H: Yes! Mike Tyson’s my dad.

F: You guys should sample his show.

H: I would sample him for sure. But I’m afraid he’d knock me out.


F: Tell us about Unlkly, the design arm of your brand.

T: It’s the multimedia plug man. Anything visual is Unlkly. Anything audio is Far Out.

H: Unlkly is the clothes, design and videos. It’s the umbrella company…

…Unlkly is like Pepsi, with Doritios. It’s a separate thing, but still a Pepsi company.




F: Hydeff, you said something interesting on twitter about “Toronto Rappers”.

Interviewer’s note: When I ask him this question he leans back in his set and let’s out a big sigh. He gives me a look as if to say “you saw that?”

H: The tweet was like… I was a little angry. Well I wasn’t angry. I just cuss a lot.

F: You sounded a little angry. It was three tweets. You had something to get off your chest.

H: I was discussing Toronto rappers with someone. I ain’t no fucking Toronto rapper. That sounds so limited. You know what I’m saying? It sounds like you’re rapping for Toronto. Not really. It’s for the world. Toronto catches on and that’s nice. But it’s not my goal. I’m not the guy who’s rapping for Jane and Finch. I’m not the guy who’s rapping for Malvern…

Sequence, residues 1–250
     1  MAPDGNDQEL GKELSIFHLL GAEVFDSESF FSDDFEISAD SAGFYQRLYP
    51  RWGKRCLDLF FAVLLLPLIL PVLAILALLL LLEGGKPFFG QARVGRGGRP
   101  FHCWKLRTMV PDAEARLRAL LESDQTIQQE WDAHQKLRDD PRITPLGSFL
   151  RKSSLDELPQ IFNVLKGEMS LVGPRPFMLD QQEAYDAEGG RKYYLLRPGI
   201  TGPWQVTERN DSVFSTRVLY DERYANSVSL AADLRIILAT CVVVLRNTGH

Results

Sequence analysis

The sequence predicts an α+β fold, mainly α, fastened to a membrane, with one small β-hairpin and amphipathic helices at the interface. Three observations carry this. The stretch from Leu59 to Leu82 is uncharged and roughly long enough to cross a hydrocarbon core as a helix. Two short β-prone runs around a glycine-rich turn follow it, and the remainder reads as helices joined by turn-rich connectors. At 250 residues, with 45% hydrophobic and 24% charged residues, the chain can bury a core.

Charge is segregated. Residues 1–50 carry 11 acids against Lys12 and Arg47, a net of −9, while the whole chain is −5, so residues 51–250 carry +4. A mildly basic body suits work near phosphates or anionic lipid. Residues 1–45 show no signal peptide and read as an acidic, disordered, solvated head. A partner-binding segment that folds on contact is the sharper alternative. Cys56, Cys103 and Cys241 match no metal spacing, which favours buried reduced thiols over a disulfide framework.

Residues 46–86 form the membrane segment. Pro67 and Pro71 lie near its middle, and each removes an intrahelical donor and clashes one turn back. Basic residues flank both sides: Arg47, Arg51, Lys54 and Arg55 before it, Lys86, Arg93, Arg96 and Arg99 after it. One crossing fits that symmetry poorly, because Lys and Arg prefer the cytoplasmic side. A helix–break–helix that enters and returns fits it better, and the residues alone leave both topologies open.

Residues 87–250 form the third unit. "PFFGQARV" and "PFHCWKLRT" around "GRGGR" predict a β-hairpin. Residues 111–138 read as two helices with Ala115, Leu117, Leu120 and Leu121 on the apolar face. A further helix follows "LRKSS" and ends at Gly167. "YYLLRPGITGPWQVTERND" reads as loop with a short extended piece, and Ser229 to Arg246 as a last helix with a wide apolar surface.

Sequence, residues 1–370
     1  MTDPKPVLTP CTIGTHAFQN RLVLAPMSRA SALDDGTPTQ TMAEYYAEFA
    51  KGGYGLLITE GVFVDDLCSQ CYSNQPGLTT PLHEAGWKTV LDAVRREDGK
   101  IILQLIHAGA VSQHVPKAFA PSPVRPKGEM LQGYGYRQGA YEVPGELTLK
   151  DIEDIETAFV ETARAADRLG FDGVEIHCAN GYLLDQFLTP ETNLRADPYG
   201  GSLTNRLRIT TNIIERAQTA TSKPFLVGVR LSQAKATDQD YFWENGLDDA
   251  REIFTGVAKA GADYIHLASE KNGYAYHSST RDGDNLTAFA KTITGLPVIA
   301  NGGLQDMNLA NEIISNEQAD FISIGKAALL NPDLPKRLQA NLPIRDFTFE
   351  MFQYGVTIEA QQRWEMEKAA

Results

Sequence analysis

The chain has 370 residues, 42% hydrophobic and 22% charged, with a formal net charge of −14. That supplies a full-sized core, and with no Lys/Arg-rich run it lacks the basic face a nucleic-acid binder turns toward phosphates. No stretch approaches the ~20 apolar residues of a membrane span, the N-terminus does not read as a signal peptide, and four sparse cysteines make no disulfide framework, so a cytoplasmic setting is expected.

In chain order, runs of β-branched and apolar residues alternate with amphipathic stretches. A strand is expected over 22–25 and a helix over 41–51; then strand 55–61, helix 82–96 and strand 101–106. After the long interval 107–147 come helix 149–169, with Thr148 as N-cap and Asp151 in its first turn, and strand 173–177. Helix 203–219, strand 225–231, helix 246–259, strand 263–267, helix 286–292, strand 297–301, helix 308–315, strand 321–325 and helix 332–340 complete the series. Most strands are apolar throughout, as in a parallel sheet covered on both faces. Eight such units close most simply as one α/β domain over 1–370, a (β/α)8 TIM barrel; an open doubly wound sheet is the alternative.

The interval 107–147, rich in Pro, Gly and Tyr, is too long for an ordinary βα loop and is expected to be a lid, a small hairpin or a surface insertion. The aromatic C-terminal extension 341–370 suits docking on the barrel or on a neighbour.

…We’ve done about fifty songs and I’ve never said the word Toronto once. But I’ll reference little things like, I’m from a cold city. You know what I’m saying? I’m from the Ice box.

…That ***** so corny, yo. I’m telling you right now. Nobody from Brooklyn wants to hear that ****. Nobody from Compton wants to hear that ****. Nobody from Cali…

F: Do you think people raise their eyebrows at Drake?

H: Drake didn’t mention Toronto until he blew up. Drake blew up and then he did 3AM in Toronto. You know what I’m saying? And I plan to do the same. I’ll big up my city when I have something on my back to big it up with…

…It’s why people say New York rap fell off. If your constantly repping your city you become a New York rapper instead of a rapper from New York…

To be on Torontorappers.com would be cool and all. But that’s not what aspire to be. I don’t even aspire to be on Worldstar.com, dog. I don’t give a **** about none of that ****. Just listen to my ****, bro, and feel me. You know what I’m saying…